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Networks: An Introduction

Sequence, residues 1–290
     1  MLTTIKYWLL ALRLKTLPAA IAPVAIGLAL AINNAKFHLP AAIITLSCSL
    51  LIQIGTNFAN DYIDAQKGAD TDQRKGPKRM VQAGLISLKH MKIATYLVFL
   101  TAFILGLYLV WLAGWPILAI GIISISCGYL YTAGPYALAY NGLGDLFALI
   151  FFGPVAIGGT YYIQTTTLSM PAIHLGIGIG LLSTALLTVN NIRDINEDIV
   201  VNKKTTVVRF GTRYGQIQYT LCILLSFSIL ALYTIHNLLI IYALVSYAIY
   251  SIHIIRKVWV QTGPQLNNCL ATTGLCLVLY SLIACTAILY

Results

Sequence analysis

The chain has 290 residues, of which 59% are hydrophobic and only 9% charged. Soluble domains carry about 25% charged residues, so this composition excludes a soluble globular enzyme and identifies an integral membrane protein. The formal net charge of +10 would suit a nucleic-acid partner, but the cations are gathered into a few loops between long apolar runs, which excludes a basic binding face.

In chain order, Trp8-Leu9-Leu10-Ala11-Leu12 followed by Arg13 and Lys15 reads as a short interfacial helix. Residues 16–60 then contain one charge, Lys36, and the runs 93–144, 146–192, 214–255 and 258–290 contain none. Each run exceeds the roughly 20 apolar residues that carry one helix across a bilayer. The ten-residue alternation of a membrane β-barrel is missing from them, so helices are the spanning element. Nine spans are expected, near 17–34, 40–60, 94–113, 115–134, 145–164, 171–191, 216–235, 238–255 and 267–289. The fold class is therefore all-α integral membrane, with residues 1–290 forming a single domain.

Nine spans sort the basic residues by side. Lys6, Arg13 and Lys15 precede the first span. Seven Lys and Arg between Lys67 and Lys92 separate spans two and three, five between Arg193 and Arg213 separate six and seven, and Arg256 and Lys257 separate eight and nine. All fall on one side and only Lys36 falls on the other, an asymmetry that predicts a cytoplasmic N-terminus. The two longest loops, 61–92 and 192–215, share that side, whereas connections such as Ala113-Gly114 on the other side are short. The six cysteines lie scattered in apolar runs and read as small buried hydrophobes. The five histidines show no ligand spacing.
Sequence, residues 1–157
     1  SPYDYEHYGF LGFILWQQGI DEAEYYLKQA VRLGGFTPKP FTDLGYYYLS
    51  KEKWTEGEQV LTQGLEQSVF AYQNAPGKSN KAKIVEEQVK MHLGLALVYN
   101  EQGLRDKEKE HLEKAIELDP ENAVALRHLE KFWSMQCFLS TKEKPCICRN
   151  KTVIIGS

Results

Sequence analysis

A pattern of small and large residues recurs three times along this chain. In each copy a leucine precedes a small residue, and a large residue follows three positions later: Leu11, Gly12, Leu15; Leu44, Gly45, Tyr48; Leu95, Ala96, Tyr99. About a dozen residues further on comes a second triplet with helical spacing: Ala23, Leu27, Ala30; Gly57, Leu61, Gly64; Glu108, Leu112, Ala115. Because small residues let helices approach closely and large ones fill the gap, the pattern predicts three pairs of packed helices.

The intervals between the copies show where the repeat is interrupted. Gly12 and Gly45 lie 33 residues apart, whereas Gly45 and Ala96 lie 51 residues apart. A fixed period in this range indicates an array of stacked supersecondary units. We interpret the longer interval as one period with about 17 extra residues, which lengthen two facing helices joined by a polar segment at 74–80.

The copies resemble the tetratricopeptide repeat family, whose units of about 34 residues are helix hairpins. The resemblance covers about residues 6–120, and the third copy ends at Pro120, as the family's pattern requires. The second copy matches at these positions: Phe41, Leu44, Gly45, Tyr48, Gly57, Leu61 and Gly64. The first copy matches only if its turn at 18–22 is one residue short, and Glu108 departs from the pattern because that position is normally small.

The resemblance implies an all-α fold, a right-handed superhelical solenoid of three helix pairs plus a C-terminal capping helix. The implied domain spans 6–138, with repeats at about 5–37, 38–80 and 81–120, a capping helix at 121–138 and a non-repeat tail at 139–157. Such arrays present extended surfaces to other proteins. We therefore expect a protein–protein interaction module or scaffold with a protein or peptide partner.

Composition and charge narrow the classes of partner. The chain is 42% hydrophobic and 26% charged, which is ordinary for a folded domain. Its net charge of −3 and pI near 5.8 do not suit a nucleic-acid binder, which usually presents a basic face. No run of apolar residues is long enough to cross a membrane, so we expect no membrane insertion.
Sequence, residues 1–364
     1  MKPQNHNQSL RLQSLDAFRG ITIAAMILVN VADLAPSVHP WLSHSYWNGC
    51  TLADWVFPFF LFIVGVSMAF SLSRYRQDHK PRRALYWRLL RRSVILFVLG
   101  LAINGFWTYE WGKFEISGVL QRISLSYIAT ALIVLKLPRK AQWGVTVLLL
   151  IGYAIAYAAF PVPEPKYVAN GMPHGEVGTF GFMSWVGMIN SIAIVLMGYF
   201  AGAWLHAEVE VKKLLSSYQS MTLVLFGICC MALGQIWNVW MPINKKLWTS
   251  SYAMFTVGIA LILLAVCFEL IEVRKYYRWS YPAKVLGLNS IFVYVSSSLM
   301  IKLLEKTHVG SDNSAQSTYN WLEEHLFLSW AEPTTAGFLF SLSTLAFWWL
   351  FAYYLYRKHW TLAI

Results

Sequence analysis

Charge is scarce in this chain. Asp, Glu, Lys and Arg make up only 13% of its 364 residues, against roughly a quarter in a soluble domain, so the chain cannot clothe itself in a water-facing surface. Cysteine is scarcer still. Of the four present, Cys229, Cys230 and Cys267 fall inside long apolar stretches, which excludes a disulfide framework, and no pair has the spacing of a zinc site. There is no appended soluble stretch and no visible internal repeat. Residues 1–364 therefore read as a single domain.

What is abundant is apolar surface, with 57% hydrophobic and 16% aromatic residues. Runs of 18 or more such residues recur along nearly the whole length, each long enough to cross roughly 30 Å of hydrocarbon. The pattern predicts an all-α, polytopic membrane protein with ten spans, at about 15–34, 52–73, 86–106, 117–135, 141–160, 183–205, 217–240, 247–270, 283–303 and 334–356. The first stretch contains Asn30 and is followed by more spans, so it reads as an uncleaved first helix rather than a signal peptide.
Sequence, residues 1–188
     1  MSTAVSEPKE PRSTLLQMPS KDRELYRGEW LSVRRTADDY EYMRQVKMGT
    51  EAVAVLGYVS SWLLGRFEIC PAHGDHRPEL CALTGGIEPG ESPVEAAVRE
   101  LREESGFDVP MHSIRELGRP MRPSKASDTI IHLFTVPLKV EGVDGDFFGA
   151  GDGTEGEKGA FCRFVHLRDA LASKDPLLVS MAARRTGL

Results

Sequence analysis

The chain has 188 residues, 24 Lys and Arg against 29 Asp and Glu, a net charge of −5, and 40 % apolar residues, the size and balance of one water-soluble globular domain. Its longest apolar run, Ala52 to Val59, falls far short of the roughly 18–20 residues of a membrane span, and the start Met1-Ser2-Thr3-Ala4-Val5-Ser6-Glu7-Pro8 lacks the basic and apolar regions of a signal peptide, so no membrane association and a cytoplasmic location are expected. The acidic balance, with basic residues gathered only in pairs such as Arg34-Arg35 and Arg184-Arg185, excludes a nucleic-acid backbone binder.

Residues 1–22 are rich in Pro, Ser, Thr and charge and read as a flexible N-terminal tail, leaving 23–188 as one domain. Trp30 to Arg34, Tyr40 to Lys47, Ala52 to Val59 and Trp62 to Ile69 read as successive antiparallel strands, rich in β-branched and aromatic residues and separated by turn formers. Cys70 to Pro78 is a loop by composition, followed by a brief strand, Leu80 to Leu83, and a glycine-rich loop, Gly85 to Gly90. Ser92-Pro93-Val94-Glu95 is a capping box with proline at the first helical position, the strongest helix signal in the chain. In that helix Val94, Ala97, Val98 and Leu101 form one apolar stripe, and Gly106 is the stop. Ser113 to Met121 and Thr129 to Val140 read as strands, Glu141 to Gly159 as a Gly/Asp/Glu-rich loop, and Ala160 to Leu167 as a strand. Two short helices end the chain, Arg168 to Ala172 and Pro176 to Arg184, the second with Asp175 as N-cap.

Personal Computers (PCs) are the way most of us store information (Data) of various kinds, from photographs of the time you visited Alaska, video recordings of your childs birthday, to an article on the role of perfusion MRI in brain tumours. When we want to share data stored on a PC, we can transfer the data to a removable medium such as a floppy disc, or a pen drive or a CD, and then physically transport the medium to the other computer. The other way is to link the computers so that data can be sent directly from computer to computer. A system for connecting many computers to each other for this purpose is a Computer Network. Computers are the basis of modern image processing and storage. Ease of use along with effortless sharing and transfer of images and patient data that computers make possible with PACS (Picture Archiving and Communication System) has changed the practice of radiology. This article will focus on the basics of how computer networks are created. Components of Networking: A computer network is rather like a telephone system in some ways. To use the telephone to communicate, one must: Have the telephones, and have them linked to each other Know the number(address) of the telephone we want to communicate with Have a common language that the persons on both ends of the telephone line understand. Using this analogy, in a computer network, one needs: A physical connection between the computers. This may be achieved with cables (Wired Network) or using radio waves (Wireless Network). A way of having a unique address for each computer on the network. Common rules for communicating (like a language) so that each computer transmits and receives the data meant for it. This is achieved by both physical devices (Hardware) and software (Protocols). Hardware: The basic hardware required is Network Interface Card (NIC): This is a device that connects the PC to the network, through a cable (wired card) or through radio waves (wireless card). It may be internal or be connected to the PC through a port (external card). Each network card has a unique identity (Address) assigned to it,called the Media Access Control (MAC). This identifies it on the network. Communication system for signal transfer : This may use cables or radio transmitters (Wireless networks). - Devices for linking many computers : Hubs, Switches or Routers. Along with the hardware we need the software for running the network. - Network Client: The software that gives the computer access to the network. For computers using Windows, this would be Client for Microsoft Networks.